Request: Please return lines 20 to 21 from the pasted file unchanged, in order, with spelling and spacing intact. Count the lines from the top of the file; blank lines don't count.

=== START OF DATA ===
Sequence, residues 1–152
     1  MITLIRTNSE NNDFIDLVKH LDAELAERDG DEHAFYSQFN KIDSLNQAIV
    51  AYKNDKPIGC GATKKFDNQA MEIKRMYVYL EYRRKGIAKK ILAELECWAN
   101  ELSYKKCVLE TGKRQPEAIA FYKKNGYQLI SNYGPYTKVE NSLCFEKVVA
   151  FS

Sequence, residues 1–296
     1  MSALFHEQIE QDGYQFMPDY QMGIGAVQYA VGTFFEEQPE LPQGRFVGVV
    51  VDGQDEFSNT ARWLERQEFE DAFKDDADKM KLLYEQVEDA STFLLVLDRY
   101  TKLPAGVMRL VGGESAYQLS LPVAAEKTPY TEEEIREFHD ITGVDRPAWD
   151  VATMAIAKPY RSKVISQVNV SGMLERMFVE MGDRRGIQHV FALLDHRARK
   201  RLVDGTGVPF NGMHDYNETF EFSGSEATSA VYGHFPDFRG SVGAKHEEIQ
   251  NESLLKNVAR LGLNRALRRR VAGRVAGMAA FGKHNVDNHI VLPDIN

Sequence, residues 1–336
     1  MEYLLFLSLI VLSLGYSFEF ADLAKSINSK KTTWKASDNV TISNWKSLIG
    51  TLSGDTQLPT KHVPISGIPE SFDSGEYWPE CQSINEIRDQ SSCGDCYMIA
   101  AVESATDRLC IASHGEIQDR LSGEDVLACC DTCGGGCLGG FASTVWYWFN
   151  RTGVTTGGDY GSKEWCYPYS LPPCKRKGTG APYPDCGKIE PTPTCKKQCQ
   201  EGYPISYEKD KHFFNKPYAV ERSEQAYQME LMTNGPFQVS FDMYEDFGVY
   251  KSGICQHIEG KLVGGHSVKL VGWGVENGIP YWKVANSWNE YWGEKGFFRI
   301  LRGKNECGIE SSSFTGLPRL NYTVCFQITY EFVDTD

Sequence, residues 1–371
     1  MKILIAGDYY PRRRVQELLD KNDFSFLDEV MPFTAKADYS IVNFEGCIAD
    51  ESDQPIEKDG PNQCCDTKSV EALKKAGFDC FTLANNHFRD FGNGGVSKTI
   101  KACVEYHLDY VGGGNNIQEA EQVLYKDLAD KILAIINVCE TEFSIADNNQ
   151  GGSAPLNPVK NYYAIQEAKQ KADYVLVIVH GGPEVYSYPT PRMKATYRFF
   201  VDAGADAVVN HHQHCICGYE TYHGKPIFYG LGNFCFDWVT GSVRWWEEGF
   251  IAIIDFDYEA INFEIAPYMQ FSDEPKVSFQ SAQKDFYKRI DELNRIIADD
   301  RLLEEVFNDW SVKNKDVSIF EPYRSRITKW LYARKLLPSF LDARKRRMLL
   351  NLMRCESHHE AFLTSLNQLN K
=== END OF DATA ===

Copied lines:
   301  LRGKNECGIE SSSFTGLPRL NYTVCFQITY EFVDTD

Sequence, residues 1–371